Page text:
The live thing is a place of constant experimentation, and the recording process is about stating long term what we feel is the essence of the song.
At Soundfly, we love to use the term “Incorrect Music” to describe the things an artist does that go against people’s assumptions, or even their own instincts, but which yield exciting and unique results. What about your music might you consider to be “incorrect”?
I love this term! I think every type of music should be partly “incorrect.” Since Iris Lune is a collaborative project, created by four people with very distinct tastes and ideas, I feel like it’s a constant give and take, a continuous ebb and flow that shifts our individual boundaries. This is part of what makes it so special though: The whole always ends up bigger than the sum of the individual parts.
I’ve never been in another musical situation combining lush, folky singing, jazzy chords, pop production, and quasi-metal breakdowns. My inner nerd would also like to say that we have an EDM song in 7/4 where I play slap bass. Something about that seems incorrect yet so correct at the same time. Gosh, that was cheesy.
Y’all have been on a steady rise in popularity for some time. (Congrats!) What are some other groups, New York-based and otherwise, that you have seen on the come up as well or have even kept you on your toes?
Arthur Moon, Anna Wise, Tei Shi, Ela Minus, and Nick Hakim are all NY-based artists that inspire me on a regular basis, and I’m always looking out for more!
Thanks. man! serpentwithfeet’s EP Blisters is one of the heaviest releases I’ve heard in a while. It’s epic, raw, and he takes the listener on an emotionally gripping roller-coaster ride. Angelo De Augustine sounds like Elliott Smith, Nick Drake, and Adrianne Lenker from Big Thief wrapped in one. I saw him open for Moses Sumney, and my friends had to help me pick my jaw off the floor after.
Our old friends Bent Knee are one of the most inspiring groups I’ve ever seen live and are definitely on the up. Rahm, altopalo, Kalbells, and b o t are friends that are making moves and some inspiring music as well.
How would you describe your dream audience?
People with huge ears and big hearts. At the end of the day, you just want to connect with people and share your take on the world, hoping that it’ll move the insides of someone. If the song doesn’t cut through, it doesn’t matter how many time changes or guitar solos you have. We try to be as honest as we can with our music, and I think that if someone can feel that — we want them in the audience.
For me, great music transcends music itself and is almost like looking into a mirror via someone else’s story. Music has the power to bring up childhood memories you thought you forgot about, to reconnect with old friends, to cook, to go on an impromptu four-hour bike ride, to go live life. People who resonate with our music on this level is what I’d consider to be our “dream audience” if we have one. Especially if they like hot sauce.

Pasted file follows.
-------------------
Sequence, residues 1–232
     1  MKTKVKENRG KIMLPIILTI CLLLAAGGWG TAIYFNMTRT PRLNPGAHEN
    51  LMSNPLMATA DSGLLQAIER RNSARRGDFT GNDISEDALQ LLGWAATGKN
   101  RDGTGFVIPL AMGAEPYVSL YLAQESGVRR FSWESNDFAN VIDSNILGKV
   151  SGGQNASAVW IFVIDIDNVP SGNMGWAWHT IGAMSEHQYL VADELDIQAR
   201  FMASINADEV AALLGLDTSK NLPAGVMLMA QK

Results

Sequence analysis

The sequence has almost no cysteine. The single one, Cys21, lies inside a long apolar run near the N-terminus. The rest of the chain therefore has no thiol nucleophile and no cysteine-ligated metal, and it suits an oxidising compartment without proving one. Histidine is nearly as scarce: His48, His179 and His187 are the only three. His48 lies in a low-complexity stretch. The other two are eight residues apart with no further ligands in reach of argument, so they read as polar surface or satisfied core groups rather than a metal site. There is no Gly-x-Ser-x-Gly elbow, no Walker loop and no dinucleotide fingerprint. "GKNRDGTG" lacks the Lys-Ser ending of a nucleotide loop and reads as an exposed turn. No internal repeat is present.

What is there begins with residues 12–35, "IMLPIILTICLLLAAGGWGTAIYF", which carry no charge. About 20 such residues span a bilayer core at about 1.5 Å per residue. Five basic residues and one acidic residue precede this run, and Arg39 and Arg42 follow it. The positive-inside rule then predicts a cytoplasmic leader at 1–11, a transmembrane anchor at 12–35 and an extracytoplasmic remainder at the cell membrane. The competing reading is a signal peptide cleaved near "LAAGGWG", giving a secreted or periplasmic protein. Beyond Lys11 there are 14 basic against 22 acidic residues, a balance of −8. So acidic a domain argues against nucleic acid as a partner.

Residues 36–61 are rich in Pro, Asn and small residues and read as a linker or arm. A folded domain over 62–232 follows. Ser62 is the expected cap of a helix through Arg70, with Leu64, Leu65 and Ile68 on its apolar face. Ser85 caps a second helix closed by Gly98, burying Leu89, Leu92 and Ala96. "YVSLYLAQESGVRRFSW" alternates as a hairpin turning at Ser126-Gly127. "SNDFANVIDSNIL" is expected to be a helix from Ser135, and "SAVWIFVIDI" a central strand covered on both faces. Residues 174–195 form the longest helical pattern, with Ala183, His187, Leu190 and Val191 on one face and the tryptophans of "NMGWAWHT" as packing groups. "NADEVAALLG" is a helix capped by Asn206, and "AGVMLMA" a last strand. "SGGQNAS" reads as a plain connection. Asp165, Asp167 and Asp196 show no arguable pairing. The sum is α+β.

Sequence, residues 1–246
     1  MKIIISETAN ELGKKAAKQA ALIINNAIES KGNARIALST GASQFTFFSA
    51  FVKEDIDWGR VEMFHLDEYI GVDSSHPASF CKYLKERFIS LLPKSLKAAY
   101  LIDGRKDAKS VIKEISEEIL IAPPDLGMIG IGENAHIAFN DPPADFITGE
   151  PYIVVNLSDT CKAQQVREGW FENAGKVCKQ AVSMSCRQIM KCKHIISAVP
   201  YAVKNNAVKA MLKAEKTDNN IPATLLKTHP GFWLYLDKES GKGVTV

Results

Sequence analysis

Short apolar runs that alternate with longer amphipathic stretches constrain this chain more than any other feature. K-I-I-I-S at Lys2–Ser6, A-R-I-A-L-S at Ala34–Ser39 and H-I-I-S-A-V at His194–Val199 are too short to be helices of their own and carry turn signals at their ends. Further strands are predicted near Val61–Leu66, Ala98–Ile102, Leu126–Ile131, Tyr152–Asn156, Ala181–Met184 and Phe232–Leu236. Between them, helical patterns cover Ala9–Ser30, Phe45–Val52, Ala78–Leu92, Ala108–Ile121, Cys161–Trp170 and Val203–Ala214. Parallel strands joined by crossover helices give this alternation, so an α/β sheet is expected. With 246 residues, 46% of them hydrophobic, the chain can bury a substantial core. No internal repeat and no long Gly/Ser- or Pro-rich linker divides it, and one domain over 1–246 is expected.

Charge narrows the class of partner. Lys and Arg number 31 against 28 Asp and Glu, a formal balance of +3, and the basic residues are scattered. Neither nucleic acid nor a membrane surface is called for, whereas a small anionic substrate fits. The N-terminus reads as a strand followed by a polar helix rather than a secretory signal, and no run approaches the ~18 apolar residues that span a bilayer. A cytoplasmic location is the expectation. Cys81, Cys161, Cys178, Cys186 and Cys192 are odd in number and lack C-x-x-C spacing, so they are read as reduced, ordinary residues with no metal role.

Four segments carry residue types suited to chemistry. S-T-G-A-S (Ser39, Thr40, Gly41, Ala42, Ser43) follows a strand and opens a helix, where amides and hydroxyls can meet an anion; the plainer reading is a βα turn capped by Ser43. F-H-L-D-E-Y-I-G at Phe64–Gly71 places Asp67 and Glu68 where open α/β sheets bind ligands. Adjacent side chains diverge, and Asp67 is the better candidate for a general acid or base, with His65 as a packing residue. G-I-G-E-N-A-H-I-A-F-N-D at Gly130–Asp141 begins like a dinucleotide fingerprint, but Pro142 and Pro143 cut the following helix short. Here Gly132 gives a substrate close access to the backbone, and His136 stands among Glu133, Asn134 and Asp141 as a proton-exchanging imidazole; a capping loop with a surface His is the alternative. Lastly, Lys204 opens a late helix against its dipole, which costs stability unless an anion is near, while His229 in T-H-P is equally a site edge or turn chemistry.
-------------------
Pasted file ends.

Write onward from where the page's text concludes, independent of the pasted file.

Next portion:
“Our writing dynamic has changed a lot throughout the years. It started from songs I wrote in my bedroom and bloomed into a whole collaborative effort. The more we work together, the more each of us can find their place in this project. And it’s constantly changing.”
Your latest single, “Paper Mache,” has such a mesmerizing, yet familiar, feeling to it. Is there any special story behind this tune and its creation?
“Paper Mache” talks about how we sometimes try to control our inner monsters or darkness with external things. The character in the song is struggling with loving herself, with all of her quirky weirdness, and uses external actions to help her find that love (“counting the lights on my way out” or “turn off the phone, make it stay out”). She finally settles on a “paper-mache love” — homemade, seemingly beautiful and strong, but actually very fragile and unstable. This love that she’s created will fall apart; it’s made of paper and water. She will only have true comfort once she releases this false consolation and accepts that she can’t control things.
I have some experience with these kinds of feelings. As a kid, I was very neurotic and felt I had to do certain things to make sure everything would be all right: say good night in Hebrew and English both, touch all the walls as I passed by them, do things symmetrically on both sides of my body, etc. As an adult, I’ve learned how to release these needs but when I’m especially stressed, they can return to some extent.
This dialogue with my inner demons has two sides to it. The first is talking to myself and trying to convince myself that I don’t need to control all of these external things. The second is accepting that I’ll always have these urges within me and accepting my strangeness/quirkiness. At the end of the day, it’s all about the process you work through with yourself. Others can help guide you through it, but you have to believe you can change whatever’s bothering you and make it happen.
How will your upcoming second EP differ from your debut? What’s your message to the world this time around?
We’ve grown a lot as a group and as individuals since the first EP. This new one is a lot more collaborative, and in a way, marks a pivotal moment in our life as a band. The music this time around is a lot groovier, but the songs are still pretty dark. I’ve done a lot of work digging inwards and connecting with my own monsters. In a way, it’s therapeutic, and it’s beautiful to see how they can turn into butterflies if you just give them a chance. Take “Lost in Chatter,” for instance. It’s a very dancey tune, but when you listen carefully to the lyrics, you realize it’s a lot darker. I guess that’s just life, right? Dark and dancey. Deep and colorful.
It’s normal to be weird! Live your life!